Even with all the freedom and monetization options it offers, Place faces a bitter turf war. There are countless communication tools and organization spaces available online. But by ceding control to the creators, Harrison says “a space becomes a place when it’s given meaning and purpose.”
Soon we’ll see if the public finds a purpose for the culmination of Backplane’s multi-year struggle. There are already 500 to 600 user created groups in the alpha test, and Major League Baseball will be a launch partner. It’s taken a long, winding road to get here, but the startup finally has something worthy to show off.
Yet consumers are notoriously fickle, so it could be a year before we know if Place is truly sticky. People already have a home on Facebook, and a work life on LinkedIn. Do they need a digital third place?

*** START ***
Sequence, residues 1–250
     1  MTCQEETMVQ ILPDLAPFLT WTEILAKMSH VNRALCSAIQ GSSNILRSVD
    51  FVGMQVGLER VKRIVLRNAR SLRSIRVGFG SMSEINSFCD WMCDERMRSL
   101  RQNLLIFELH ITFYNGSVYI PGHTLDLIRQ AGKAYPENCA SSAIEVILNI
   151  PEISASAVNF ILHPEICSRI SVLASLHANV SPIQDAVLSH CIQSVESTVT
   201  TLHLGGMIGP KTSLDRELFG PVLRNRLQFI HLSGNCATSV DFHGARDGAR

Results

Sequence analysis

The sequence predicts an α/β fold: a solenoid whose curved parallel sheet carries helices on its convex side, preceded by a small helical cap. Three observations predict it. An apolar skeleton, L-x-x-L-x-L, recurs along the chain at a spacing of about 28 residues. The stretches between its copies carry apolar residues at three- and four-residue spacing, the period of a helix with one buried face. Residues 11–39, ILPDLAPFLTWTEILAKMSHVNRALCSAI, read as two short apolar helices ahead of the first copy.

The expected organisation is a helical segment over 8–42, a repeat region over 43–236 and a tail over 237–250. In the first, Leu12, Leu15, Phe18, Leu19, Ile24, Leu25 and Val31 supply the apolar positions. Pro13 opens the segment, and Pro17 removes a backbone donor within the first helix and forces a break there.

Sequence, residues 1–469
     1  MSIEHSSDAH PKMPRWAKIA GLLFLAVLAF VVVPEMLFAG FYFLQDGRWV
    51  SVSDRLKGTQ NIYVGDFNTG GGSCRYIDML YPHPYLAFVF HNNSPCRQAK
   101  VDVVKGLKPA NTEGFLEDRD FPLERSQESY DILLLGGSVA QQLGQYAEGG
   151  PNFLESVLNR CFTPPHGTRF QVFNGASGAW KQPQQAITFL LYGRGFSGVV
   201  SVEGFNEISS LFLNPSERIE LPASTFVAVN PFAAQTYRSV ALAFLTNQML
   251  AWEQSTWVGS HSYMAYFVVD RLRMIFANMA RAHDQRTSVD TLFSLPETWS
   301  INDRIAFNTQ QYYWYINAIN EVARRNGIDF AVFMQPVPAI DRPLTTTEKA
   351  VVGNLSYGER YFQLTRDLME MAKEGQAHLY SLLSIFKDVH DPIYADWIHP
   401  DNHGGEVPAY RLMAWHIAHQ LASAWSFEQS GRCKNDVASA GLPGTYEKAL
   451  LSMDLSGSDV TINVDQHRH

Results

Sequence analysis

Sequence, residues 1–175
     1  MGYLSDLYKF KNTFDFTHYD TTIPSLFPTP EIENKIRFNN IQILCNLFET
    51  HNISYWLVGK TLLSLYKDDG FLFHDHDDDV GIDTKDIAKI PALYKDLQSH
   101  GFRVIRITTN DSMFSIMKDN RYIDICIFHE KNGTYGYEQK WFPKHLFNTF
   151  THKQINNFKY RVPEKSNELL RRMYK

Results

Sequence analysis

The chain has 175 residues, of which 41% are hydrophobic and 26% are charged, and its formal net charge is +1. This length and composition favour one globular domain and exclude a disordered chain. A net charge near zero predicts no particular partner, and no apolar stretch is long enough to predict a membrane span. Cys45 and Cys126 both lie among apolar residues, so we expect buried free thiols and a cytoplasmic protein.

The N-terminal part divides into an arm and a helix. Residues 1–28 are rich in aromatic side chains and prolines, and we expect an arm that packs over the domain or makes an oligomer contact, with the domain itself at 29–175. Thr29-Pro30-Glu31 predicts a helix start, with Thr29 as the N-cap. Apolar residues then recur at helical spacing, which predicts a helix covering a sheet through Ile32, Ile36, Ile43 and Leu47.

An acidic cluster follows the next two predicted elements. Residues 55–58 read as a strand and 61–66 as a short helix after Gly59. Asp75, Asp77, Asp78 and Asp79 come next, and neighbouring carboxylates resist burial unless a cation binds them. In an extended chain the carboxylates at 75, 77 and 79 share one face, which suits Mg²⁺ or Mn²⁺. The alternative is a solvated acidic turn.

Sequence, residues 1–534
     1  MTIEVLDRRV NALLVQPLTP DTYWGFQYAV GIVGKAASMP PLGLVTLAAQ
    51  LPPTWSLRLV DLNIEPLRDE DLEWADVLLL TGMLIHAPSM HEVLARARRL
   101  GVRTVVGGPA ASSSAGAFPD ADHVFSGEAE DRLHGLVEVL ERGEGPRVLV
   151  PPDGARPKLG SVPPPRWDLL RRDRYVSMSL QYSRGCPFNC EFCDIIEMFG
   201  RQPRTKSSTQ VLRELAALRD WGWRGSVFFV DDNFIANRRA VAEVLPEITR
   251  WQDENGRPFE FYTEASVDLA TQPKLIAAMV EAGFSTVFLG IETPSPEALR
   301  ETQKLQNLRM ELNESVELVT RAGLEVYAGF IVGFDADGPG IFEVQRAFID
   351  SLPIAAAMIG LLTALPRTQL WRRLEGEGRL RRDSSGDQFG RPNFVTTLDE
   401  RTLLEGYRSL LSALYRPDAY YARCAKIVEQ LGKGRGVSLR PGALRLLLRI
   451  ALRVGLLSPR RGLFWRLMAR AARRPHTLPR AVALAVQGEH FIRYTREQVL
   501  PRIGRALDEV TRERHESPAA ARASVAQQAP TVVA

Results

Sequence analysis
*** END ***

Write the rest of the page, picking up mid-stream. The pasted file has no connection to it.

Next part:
Whether its his company or another, though, Harrison is convinced social isn’t just about an omnipresent network where everyone is there and you have no control. “It’s going to be millions of places,” Harrsion said. While solving micro-sharing is incredibly tough, he said, “I think we’re closer than anyone’s been, although we’ve had our bumps. But name one place that hasn’t had their bumps?”